The role that Materials and Textures play in CGI

I once had a friend, who had asked me what the difference was, between a Texture, and a Material, in CGI. And as it was then, it’s difficult to provide a definitive answer which is true in all cases, because each graphics application framework, has a slightly different definition of what a material is.

What I had told my friend, was that in general, a material is a kind of node, which we can attach texture-images to, but that usually, the material allows the content-designer, additionally, to specify certain parameters, with which the textures are to be rendered. My friend next wanted to know what then, the difference was, between a material and a shader. And basically, when we use material nodes, we usually don’t code any shaders. But, if we did code a shader, then the logical place to tell our graphics application to load it, is as another parameter of the material. In fact, the subtle details of what a material does, are often defined by a shader of some sort, which the content designer doesn’t see.

But, materials will sometimes have a more-powerful GUI, which allows the content-designer to connect apparent nodes, which are shown in front of him visually, in order to decide how his texture images are to be combined, into the final appearance of a 3D model, and this GUI can go so far as to display Nodes, visible to the content-designer, that make this work easier.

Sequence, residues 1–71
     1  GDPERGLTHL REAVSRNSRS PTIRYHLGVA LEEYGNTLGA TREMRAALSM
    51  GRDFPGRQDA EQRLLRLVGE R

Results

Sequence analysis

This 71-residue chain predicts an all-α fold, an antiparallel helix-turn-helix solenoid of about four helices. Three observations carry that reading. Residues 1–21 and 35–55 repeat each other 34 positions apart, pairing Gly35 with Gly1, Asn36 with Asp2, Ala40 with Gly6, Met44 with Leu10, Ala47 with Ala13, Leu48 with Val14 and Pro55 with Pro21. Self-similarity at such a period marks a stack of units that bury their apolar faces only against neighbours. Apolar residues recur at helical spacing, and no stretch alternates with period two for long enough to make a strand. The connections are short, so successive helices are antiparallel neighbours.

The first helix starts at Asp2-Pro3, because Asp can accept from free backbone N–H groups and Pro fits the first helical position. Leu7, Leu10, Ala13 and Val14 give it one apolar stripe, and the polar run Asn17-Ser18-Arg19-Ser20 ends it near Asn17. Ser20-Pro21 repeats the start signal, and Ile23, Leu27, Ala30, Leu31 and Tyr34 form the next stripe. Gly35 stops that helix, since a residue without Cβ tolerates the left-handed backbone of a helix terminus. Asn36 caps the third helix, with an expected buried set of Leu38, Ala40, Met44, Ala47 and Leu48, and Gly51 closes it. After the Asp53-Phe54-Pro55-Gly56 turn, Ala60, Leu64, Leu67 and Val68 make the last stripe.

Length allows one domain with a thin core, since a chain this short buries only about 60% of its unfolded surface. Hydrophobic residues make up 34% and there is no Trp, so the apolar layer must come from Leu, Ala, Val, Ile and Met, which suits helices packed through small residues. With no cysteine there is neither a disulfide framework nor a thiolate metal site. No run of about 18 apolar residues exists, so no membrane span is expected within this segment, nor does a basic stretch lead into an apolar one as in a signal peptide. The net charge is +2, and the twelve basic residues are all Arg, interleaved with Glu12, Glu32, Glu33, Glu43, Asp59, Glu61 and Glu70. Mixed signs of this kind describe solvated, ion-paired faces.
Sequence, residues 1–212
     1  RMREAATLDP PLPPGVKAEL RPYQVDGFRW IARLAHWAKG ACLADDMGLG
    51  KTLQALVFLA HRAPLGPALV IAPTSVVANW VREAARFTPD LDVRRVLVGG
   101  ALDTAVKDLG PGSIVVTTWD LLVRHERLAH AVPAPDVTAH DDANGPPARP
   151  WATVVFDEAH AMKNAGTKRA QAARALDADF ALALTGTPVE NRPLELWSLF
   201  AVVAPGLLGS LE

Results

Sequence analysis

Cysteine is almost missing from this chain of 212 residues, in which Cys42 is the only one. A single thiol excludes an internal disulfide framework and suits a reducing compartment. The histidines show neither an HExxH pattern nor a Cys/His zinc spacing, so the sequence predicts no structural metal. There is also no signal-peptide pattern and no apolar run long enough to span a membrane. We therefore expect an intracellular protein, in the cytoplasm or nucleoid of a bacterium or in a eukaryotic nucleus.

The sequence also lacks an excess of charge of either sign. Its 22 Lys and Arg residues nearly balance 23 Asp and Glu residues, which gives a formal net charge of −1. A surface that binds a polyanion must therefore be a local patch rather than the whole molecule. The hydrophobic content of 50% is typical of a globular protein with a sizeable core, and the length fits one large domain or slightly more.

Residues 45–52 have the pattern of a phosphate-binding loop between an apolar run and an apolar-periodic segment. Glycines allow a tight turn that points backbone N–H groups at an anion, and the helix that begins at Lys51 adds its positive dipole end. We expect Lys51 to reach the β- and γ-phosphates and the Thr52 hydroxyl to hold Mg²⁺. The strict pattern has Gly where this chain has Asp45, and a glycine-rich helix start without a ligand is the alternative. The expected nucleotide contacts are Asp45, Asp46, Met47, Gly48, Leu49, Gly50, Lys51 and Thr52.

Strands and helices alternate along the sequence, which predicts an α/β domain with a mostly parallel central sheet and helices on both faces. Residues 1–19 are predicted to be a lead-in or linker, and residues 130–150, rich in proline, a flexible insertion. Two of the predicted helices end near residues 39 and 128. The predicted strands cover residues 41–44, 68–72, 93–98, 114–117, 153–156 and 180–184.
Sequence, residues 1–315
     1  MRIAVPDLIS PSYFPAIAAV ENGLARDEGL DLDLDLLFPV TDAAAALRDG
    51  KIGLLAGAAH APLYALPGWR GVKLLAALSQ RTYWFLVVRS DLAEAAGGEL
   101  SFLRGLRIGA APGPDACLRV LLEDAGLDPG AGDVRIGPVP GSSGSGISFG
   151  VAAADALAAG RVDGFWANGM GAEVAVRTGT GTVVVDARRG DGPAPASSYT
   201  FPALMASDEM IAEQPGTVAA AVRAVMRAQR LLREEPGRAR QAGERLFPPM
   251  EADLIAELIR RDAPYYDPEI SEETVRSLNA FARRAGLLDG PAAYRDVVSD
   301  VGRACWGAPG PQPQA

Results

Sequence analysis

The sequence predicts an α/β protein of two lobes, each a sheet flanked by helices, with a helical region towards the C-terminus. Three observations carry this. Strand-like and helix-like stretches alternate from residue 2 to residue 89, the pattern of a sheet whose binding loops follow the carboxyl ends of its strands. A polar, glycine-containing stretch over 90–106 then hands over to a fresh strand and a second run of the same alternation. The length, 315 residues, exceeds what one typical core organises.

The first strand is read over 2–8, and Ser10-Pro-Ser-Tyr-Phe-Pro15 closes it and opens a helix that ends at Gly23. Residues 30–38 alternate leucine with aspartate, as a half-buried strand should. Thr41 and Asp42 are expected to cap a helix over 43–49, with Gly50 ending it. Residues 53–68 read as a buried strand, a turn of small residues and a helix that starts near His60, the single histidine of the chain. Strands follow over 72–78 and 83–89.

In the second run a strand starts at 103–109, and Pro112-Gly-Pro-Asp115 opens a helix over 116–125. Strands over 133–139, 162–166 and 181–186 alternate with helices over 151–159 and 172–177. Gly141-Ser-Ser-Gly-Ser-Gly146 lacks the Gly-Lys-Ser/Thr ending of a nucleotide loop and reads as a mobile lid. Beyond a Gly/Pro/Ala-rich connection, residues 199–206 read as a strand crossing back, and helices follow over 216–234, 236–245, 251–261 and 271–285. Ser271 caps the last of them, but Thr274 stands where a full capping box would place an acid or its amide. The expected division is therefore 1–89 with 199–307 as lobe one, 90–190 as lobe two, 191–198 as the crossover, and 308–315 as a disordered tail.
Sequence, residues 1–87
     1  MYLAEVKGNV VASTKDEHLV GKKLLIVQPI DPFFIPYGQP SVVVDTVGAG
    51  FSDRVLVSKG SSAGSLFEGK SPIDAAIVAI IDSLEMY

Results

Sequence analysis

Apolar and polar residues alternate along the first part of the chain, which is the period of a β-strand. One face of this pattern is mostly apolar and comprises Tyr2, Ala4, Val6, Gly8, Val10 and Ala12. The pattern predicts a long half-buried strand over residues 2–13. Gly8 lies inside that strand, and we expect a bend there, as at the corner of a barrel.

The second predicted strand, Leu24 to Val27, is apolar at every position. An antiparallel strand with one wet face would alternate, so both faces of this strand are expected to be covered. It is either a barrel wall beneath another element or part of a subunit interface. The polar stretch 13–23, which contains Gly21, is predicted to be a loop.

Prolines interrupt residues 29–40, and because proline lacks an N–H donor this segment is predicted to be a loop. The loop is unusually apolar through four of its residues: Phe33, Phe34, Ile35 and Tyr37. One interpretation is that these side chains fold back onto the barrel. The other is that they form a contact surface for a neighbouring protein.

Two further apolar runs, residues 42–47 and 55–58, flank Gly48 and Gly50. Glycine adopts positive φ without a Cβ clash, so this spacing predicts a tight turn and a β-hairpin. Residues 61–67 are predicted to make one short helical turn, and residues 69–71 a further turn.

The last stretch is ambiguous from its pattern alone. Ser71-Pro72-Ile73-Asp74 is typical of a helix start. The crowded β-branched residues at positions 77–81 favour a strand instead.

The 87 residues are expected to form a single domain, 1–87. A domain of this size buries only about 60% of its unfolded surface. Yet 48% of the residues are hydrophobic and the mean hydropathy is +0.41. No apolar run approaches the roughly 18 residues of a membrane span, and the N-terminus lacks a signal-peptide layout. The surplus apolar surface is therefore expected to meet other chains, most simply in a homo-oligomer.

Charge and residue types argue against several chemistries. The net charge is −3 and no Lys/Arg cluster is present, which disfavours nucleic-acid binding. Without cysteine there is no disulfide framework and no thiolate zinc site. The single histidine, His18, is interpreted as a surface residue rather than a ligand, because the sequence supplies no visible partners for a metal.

My friend was not happy with this answer, because I had not defined what a material is, in a way that applies to ALL Graphics Applications. And the reason I did not, was the fact that each graphics application is slightly different in this regard.

Dirk

 

Terrain Objects

In this YouTube Video:

I told potential viewers, that there can be more than one way, in which a 2D Image can be transformed into some form of 3D Geometry, in the form of a mesh, suitable for CGI. This took the form of Terrain Objects.

Some of my readers may already know a lot about Terrain Objects, but then again, some may not.

There was a detail to Terrain Objects which my screen-cast failed to explain. Given a serious game engine, or other 3D rendering engine, this will offer its content-developer a variety of different objects, which he or she can build a game, etc., out of. And most game engines, will actually implement Terrain Objects as being different Entities, from generic Models. Not only that, but Convex Models exist in addition to the types of Models, that would be used to represent Actors… And the exact way in which this is organized usually depends on the game engine.